Environmental and Outdoor Education

Stories in the Schoolyard (K-4) invites students to step outside and find delight in the ordinary, wonderful ways nature's stories unfold right in their own schoolyard. This active place-responsive program will support students to foster a sense of belonging in nature at the same time as sparking their curiosity to learn more. In this program, we'll become better acquainted with that tree in the corner of the field that's almost been forgotten. We'll also follow along with the adventures of Gary the Goose as he finds courage in face of fear. Program includes: a puppet story, imaginative sensory play, Indigenous connections, group poetry writing, and lots of active movement.

We Can Too! (Gr. 2-4) invites students to notice how nature expresses itself in cycles. We will look for examples of natural cycles in the schoolyard and follow the adventures of Cate the Caterpillar as she transforms from caterpillar to butterfly. This program encourages students to develop a growth mindset and to discover their own unique gifts. Program includes: a puppet story, musical poetry, Indigenous connections, active movement, and a printable growth mindset resource. 

These notes contain highlights and link to the podcast episode. See more resources from Child & Nature Alliance here

These flashcards provide easy to follow one-pager activities for different seasons. 

Download PictureThis, simply take or upload a photo of any plant and get instantaneous plant ID results! The website also has a massive plant encyclopedia and catalogue. 

The Alberta Youth Leaders for Environmental Education created this climate policy resolution template with support from Schools for Climate Action. Use the template to pass a resolution with your environmental class or club, or student council using the instructions below. 

View the Template

 

Instructions for Using the Policy Template

  1. Download the template here.
  2. Review the template as a team which could be a school club, student council, and/or class with a teacher. Make a copy of it and change it to fit with your school community and local area, making it a message that you understand and are comfortable with. Discuss the changes as a group and ensure that everyone has a chance to contribute

  3. Pass and sign the resolution. Hold a vote with your whole team to pass it. Have all members sign the document (we recommend only signing your initials or first name if you are under 18) and date it. Have a chosen representative(s) sign the document with their contact email. Share a copy of your resolution, and if you’re comfortable with it, a photo with AYLEE by filling out this form.

  4. Action: Create an action plan to use your policy resolution. Include who you will share it with and how, and how you will ensure that your actions will uphold your resolutions.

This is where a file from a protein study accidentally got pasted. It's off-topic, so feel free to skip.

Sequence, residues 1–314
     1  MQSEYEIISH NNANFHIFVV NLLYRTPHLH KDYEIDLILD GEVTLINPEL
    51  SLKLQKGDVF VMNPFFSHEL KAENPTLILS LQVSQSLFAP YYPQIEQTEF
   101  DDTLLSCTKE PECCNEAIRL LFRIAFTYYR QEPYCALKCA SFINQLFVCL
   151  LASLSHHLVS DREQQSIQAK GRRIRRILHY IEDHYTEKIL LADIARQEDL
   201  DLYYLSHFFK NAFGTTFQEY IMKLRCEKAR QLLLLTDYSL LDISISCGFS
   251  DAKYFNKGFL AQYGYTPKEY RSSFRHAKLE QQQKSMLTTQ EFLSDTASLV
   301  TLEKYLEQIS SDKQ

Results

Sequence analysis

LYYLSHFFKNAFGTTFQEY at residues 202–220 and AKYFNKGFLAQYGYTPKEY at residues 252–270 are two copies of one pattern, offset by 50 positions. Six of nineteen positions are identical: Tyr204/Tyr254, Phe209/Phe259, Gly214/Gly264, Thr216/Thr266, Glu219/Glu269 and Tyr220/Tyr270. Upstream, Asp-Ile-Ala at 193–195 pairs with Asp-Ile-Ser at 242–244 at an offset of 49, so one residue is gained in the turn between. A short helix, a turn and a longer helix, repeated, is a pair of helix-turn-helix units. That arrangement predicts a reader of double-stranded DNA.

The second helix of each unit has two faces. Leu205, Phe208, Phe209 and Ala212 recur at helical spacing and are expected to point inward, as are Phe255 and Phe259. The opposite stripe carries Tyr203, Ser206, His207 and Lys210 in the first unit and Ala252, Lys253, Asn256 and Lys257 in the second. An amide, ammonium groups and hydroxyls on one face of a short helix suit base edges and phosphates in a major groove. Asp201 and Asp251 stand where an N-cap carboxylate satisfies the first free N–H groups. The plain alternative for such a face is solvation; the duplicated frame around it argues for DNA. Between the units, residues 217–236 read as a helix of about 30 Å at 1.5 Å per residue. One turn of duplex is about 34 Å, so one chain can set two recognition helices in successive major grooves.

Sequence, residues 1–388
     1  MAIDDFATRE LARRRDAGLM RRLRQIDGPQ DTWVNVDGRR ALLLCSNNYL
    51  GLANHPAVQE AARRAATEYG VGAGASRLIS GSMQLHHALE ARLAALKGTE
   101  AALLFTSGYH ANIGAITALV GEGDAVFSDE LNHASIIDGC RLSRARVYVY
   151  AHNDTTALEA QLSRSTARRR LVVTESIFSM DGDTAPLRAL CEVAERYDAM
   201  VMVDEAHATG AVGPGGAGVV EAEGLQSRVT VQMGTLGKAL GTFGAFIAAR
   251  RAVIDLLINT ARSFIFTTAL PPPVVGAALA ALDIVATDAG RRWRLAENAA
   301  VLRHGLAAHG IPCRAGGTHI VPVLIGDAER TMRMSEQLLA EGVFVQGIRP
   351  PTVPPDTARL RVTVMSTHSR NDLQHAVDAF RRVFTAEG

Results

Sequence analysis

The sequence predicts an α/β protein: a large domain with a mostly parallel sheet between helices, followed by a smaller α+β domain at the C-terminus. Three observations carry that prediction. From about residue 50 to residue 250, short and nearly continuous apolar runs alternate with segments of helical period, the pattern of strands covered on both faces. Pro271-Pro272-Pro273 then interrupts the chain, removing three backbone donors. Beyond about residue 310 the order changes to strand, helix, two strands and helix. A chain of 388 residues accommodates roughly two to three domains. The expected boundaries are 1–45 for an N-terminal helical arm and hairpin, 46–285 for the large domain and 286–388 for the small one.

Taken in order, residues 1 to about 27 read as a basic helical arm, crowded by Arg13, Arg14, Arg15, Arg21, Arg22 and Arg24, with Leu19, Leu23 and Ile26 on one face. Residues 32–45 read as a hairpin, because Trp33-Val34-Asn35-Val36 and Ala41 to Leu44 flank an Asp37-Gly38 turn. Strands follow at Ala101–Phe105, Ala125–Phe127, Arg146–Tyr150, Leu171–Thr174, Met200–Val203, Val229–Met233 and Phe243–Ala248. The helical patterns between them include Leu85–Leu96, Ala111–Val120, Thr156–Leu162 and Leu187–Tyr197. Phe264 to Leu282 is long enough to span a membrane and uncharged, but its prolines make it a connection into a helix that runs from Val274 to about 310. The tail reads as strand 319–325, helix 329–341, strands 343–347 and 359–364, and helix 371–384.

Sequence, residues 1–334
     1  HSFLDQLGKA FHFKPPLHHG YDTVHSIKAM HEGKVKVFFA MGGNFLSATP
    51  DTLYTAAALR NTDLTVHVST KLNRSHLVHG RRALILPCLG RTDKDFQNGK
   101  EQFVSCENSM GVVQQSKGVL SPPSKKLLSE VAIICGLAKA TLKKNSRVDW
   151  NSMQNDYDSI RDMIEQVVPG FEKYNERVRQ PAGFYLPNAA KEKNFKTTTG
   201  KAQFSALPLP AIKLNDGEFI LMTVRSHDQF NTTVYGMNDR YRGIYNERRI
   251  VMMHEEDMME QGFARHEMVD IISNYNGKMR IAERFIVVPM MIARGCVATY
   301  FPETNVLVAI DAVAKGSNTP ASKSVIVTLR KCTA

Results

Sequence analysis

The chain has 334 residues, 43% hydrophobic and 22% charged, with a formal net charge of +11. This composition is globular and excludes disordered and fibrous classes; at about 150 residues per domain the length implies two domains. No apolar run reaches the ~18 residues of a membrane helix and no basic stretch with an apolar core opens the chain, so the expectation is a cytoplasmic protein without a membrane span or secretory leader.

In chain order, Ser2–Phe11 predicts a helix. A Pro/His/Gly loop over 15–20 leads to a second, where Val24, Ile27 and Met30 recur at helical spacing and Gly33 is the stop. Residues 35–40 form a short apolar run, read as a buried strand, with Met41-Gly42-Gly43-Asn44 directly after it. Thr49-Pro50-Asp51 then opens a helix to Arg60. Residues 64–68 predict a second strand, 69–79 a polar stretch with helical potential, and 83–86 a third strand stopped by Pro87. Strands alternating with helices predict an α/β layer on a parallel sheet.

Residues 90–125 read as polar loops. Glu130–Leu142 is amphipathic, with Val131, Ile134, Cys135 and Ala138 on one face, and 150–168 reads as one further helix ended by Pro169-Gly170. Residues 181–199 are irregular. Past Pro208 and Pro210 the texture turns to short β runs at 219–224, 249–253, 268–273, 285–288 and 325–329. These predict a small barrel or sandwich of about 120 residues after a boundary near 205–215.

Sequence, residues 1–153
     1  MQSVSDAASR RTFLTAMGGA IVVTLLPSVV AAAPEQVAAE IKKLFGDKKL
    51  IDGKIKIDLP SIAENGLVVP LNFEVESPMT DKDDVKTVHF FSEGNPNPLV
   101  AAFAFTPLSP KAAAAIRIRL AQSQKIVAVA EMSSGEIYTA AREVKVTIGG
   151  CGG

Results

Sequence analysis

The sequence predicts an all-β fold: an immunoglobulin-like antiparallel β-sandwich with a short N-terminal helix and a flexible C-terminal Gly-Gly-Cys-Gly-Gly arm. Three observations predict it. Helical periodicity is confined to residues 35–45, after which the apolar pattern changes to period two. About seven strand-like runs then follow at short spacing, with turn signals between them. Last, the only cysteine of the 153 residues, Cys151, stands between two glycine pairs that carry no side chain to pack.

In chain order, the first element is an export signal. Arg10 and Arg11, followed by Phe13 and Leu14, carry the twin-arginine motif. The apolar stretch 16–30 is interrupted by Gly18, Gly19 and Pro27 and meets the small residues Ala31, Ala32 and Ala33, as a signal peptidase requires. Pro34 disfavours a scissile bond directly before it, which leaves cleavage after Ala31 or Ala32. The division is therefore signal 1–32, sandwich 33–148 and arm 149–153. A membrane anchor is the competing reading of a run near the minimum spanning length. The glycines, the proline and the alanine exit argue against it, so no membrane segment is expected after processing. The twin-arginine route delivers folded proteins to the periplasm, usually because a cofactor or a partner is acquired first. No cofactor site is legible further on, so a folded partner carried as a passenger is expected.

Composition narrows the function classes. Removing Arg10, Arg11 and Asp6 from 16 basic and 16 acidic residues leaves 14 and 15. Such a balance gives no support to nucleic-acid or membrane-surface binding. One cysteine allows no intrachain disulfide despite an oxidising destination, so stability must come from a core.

5. Follow up: Continue to check in as a team with your progress on the resolution. Share updates with AYLEE and other schools who are passing resolutions.

Note: If at any time of using the instructions for the policy template you have any questions or concerns regarding the steps, please feel free to contact AYLEE through our Youth Program Coordinator at shauna@abcee.org

 

Suggested Timeline 

  • Review: An estimate of a two weeks upon introduction of the policy template as a group, based on a group this time can be lengthened or shortened.
  • Pass and Sign: Set a date and time to hold a vote one week after the time of review.
  • Action: One to two weeks to finalize the action steps, however this is an ongoing process and does not need to be finalized.
  • Follow up: Throughout the use of the template, we encourage actively participating and keeping the resolution accountable through checking in with AYLEE and other schools. This is all dependent on your group's progress and capacity. 

In all, a timeline for using a policy template is flexible, but we believe it is helpful and important to have a timeline or a goal set by your group that you can work towards and change if need be.

Students of all ages will become engaged in Eco-Games in their schoolyards. They involve scavenger hunts, secret codes, ecological literacy and sparks for further inquiry and action. There are 15 Eco-Games available for FREE download. Watch the youtube videos to learn how to set up the Eco-Games. 

This resource library includes videos, podcasts, games, and activities. There are grade level recommendations and a brief description of the content of the resources. Topics include autonomous vehicles, biodiversity, carbon footprints, cities, climate change, environmental justice, food, material use, waste, personal transportation, renewable energy, residential buildings, and wastewater. 

This toolbox for climate education can be used in a variety of high school courses and university courses. The suite of resources includes assignments, discussion questions and prompts, and Ted Talk videos that pair well with the materials. 

A web resource containing a guide to culturally important Blackfoot plants by season. 

BioKits are interactive activity books that can be printed and taken with your class on any outing in the community or natural parks! Activities connect to the various sights and sounds of the community, including signs of wildlife, and encourage students to explore the services in their community and think about topics such as transportation/green transportation, recycling/waste services, and more!

 

BioKits are also available in French